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Khao Nor Chu Chi, Krabi and Kaeng Krachan National Park, 30th April-7th May 2001
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It started during the last days of 2000. I was pondering the upcoming year and making resolutions when the idea came to me to pray for an invitation to a longer birdwatching trip (I normally camp/birdwatch with kids for just a few days). It took only 3 days before my prayer was answered. A friend from Singapore, Kim Chuah, wrote an e-mail asking if I’d like to help organize a major trip to the South of Thailand. I had never seriously thought of going down south as it is too far and would be very time- consuming.

Nevertheless, the dream started to grow. After 4 months of regular communications and preparations, we were ready. The team was to consist of Kim Chuah and his brother Lim Kim Seng, both extremely talented and knowledgeable with Southeast Asian avifauna. Also Professor Ng Soon Chai, who had his mind set on videoing as many species as possible. (He has recently finished a project filming the Hornbills in the region and is now contemplating doing the same with the Pittas.) Tai Ping Ling, a former banker, turned birder, in quest for more ‘ticks” and Tom and Marie Tarrant, enthusiastic birders from Brisbane, Australia who also wanted to add to their comprehensive list of South-east Asian species. Lim Kim Keang and Tan Ju Lin, avid birders from Singapore also came along for the first leg of the journey.

Khao Nor Chu Chi
I met up with Tom and Marie at Bangkok airport and we flew down to Phuket where we picked up a car and drove on to Khao Nor Chu Chi, Krabi. In spite of written directions we ended up lost. (We arrived at Klong Tom around 2 a.m.) As you turn left at the intersection towards Thung Yai, take an immediate right 100 meters down this road. We didn’t, and couldn’t find our way in the dark night. Fortunately, in the dead of that night, we found some people hanging around and hired a motorcycle guy who happily drove us to Morakot resort where we were booked.

After only a couple of hours’ sleep, dawn came upon us and drowsiness vanished away. Great was our anticipation of what was in store. To my extreme pleasure, a pair of Black and red Broadbills flew into the tree in the pond behind the resort. The rarest of the Broadbills in Thailand was building a nest. Blue-eared Kingfisher rapidly flew across the pond and perched on a low branch, spearing attacks on the unaware fish below.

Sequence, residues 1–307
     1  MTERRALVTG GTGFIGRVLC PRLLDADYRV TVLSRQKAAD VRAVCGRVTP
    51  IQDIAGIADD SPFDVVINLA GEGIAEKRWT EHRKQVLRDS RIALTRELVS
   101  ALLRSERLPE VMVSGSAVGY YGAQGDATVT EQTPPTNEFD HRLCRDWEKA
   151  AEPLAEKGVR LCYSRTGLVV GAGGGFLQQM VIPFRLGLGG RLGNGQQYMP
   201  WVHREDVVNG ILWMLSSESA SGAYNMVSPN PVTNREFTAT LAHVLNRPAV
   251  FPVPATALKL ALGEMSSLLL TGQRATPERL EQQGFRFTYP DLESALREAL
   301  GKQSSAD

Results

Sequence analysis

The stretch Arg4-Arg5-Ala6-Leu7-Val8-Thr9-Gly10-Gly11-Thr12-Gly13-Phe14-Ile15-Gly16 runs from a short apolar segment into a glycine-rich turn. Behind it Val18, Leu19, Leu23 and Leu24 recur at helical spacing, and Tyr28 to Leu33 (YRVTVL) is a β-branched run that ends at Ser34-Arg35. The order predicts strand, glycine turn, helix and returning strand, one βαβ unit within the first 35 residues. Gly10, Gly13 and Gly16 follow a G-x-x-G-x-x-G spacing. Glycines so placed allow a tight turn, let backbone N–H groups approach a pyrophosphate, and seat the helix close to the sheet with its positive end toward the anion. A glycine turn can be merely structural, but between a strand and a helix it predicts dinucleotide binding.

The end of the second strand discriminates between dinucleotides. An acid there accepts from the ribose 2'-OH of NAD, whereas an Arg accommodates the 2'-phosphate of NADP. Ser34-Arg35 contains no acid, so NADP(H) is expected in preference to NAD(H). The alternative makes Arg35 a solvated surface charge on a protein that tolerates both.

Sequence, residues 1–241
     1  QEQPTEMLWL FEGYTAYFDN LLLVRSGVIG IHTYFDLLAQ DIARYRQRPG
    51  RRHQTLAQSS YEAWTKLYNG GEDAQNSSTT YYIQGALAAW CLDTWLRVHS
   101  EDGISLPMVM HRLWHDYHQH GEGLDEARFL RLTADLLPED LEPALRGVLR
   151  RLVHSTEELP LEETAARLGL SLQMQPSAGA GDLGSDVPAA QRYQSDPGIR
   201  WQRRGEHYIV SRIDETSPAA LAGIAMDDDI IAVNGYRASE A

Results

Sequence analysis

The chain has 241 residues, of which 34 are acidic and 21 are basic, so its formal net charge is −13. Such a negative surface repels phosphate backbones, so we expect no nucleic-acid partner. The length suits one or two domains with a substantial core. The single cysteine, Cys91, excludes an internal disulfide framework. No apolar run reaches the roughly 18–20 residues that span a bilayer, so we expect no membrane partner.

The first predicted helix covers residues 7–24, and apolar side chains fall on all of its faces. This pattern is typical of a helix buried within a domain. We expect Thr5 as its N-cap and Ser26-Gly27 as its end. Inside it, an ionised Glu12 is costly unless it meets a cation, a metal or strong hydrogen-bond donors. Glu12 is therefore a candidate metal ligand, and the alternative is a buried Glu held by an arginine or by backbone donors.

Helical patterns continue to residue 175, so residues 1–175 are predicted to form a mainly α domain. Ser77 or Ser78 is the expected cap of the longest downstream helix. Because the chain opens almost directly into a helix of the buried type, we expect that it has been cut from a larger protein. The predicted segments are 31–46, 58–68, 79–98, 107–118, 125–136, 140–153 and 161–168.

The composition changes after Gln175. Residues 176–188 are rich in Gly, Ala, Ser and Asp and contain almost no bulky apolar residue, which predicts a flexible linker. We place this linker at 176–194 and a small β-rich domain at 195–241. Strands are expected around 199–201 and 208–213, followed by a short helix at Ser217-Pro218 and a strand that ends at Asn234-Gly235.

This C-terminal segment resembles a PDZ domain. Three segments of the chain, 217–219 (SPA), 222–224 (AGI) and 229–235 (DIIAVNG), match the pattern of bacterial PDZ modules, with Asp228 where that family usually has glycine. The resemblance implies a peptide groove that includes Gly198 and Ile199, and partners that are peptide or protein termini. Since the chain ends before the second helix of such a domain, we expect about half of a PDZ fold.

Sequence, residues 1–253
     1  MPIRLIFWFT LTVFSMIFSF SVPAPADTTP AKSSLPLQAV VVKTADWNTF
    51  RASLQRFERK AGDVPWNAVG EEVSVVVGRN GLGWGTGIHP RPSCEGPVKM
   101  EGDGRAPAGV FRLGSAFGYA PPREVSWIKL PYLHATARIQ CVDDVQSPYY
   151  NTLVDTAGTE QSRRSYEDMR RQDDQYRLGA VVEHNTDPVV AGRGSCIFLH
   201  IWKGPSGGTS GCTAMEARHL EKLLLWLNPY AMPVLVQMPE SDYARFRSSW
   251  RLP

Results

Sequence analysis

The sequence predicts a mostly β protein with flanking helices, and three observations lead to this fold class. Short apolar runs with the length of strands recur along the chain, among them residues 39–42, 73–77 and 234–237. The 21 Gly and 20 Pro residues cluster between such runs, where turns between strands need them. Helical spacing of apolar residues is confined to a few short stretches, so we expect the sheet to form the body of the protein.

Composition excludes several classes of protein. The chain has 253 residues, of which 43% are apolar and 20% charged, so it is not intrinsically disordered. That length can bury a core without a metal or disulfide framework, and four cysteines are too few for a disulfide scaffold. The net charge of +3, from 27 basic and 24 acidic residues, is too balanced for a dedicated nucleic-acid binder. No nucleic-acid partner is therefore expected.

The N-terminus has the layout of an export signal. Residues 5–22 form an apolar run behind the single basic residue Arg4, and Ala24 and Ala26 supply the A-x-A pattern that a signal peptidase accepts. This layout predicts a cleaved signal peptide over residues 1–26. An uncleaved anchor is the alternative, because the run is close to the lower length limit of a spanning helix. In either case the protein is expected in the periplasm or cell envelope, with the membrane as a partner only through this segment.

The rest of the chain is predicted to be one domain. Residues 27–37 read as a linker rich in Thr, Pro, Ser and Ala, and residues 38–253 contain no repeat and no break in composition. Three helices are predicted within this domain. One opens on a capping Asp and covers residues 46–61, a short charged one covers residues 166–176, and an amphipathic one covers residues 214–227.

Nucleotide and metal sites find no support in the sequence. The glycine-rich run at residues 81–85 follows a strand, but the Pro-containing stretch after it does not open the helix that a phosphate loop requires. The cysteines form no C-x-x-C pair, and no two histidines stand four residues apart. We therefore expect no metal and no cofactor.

After breakfast, we decided to search for Gurney’s Pitta. The one and only reason most birders visit this site. We spent the whole morning in search of this elusive bird but to no avail. Afternoon welcomed us with heavy downpour (some of us then turned into frog watchers!). It was then unanimous that we needed to employ the help of Mr Yotin (the local guide). Arrangements were then made for the following day. Yotin knows the forest there probably better then anyone else and spends a lot of time monitoring the area. He took us to one of his stakeouts with a naturally made hide after first having divided the group in two. While waiting for the first group to come back I saw my first Rufous-winged Philentoma and felt encouraged. After only a little while the group excitedly came back and exclaimed that ‘we had a beautiful male on the floor’. We were all ‘thumbs up’ but I must admit I was a bit worried whether we in the second group would see the bird or not.

In the hide, Yotin asked us to be very still. Each minute seemed like an eternity as our anticipation grew. Yotin kept calling the bird by imitating a female’s call. Then after 15 minutes, something moved and again a male bird came in full sight and this was eternalized on Prof Ng’s video camera and everyone else’s memory banks. It was a special moment and even wet my eyes a bit, knowing how privileged I was to be able to see this unique bird in the wild. The bird scurried around for a while and then retraced it steps back into the rattans again. We saw no signs of ‘worm feeding or being dependent on human hand-outs’. Later that afternoon we went on a longer walk with Yotin who helped us understand the forest and its delicate balance. While walking through Gurney’s Pitta area, he said to look out, and lo and behold, again I got to see another male bird, but this time through the binoculars (a real ‘tick’, ha!).